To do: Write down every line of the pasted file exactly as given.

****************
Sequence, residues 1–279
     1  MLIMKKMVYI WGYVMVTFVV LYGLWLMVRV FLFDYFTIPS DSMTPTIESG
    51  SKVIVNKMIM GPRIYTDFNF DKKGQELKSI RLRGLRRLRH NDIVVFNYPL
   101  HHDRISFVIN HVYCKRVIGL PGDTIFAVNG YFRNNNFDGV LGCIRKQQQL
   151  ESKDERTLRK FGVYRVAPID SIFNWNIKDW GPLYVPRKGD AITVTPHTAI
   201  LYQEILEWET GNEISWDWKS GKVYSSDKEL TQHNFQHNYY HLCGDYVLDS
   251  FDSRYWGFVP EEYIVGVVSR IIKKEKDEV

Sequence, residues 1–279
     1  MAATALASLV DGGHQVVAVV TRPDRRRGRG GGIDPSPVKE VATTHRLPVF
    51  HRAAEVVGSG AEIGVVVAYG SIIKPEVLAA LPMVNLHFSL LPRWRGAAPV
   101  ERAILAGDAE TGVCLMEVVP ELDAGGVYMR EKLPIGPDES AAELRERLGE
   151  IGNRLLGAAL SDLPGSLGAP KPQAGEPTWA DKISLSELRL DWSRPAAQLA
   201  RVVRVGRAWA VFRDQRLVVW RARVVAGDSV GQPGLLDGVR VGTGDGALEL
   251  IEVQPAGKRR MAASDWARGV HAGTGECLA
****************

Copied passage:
Sequence, residues 1–279
     1  MLIMKKMVYI WGYVMVTFVV LYGLWLMVRV FLFDYFTIPS DSMTPTIESG
    51  SKVIVNKMIM GPRIYTDFNF DKKGQELKSI RLRGLRRLRH NDIVVFNYPL
   101  HHDRISFVIN HVYCKRVIGL PGDTIFAVNG YFRNNNFDGV LGCIRKQQQL
   151  ESKDERTLRK FGVYRVAPID SIFNWNIKDW GPLYVPRKGD AITVTPHTAI
   201  LYQEILEWET GNEISWDWKS GKVYSSDKEL TQHNFQHNYY HLCGDYVLDS
   251  FDSRYWGFVP EEYIVGVVSR IIKKEKDEV

Sequence, residues 1–279
     1  MAATALASLV DGGHQVVAVV TRPDRRRGRG GGIDPSPVKE VATTHRLPVF
    51  HRAAEVVGSG AEIGVVVAYG SIIKPEVLAA LPMVNLHFSL LPRWRGAAPV
   101  ERAILAGDAE TGVCLMEVVP ELDAGGVYMR EKLPIGPDES AAELRERLGE
   151  IGNRLLGAAL SDLPGSLGAP KPQAGEPTWA DKISLSELRL DWSRPAAQLA
   201  RVVRVGRAWA VFRDQRLVVW RARVVAGDSV GQPGLLDGVR VGTGDGALEL
   251  IEVQPAGKRR MAASDWARGV HAGTGECLA